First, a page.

We have a new equine veterinarian, Harvey, who just made his first visit to The Farm. This is a picture of Harvey from when he drove a team of draft horses while giving tours of Yosemite National Park.
Harvey’s story is an interesting one, to say the least. His family owned a farm, and managed and operated a seasonal zoo, Deer Forest, in Coloma, Michigan, so he grew up around cows, giraffes, camels, well, you get the idea. He says that he always knew what he wanted to be, and I can believe that. I’m also just a little envious of his childhood experiences and surroundings. I mean, what kid wouldn’t want to grow up feeding baby bears and zebras? Heck, I’d do it now, and for free, if somebody would let me. As it happens, his wife is a veterinarian as well, and she’s one of the wonderful doctors who take care of our two dogs.
This barn visit was a routine one. The horses get all of their vaccines and an annual dental exam. It’s the second part that I dread – each and every year. Taking a look inside of a horse’s mouth, never mind trying to fix anything you find in there, is a very involved and trying experience. It takes patience, strength, stamina and a sense of humor. The first thing you have to do is sedate them. Then you insert a device called an oral or full mouth speculum – something that looks like a medieval torture device. There’s just no way around the sedation or the speculum – it’s not like you can tell them to relax, open wide and then reach in there without either the drugs or the contraption.
This is what a horse looks like with the speculum in place and while the sedatives are working. In the horse’s defense, if you tried to put one of those things in my mouth, you better have a few drugs at the ready.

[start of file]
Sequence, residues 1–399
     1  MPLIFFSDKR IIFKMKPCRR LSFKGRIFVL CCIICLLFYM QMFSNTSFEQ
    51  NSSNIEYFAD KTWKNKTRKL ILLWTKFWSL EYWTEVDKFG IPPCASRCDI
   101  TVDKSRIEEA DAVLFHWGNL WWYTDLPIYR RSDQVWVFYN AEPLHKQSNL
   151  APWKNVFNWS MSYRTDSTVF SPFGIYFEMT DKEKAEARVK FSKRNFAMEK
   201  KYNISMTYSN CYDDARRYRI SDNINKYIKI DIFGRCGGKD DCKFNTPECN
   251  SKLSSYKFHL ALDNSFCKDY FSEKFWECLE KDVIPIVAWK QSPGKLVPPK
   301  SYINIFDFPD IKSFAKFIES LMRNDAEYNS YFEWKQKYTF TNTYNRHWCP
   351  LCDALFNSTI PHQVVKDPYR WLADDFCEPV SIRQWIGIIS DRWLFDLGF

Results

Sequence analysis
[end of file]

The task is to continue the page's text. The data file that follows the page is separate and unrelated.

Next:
So Harvey gave Charlie, our Saddlebred, a shot, and he relaxed, his eyelids were drooping and the fun began. The doctor ratcheted the speculum up to keep the jaws apart and began to float the sharp, pointy edges of Charlie’s teeth. For those of you who don’t know what a float is, it’s a metal file or rasp, on a handle, and the process of filing their teeth is called “floating” because of the rasp and the movement of it over a horse’s teeth. Now, getting back to what this is about – my husband was holding the lead, Harvey was filing away and I was given the job of holding horse tongue out of the way. I usually take a more active role in this process, but I’ve been off my A-game for a couple of weeks, so yep, I was the designated tongue wrangler. Charlie took it well. He usually does. He started to come out of it about halfway through and needed a little more sedation, but, all in all, he was great. I felt around in there, and the difference in the before and after was amazing.
Abby, our mare, is a bit more stubborn – okay, a lot more stubborn – but she relaxed a little under the magical powers of sedation. Throughout what she saw as a horrible ordeal, she glared at me, the doctor and my husband, all while continuing to slowly back away from us and the float. When she backs up, it’s a little difficult to stop her. She’s a strong girl, as Haflingers are meant to be, with a very large and powerful backside. Let’s just say that there’s a whole lot of junk in her trunk and that she knows a little bit more about booty workouts than some of those ladies in Atlanta do. She survived intact, although she’d probably tell you a much different story given the chance. I didn’t check out the work that had been done on her. She wandered off to sulk and stare at us from a safe distance.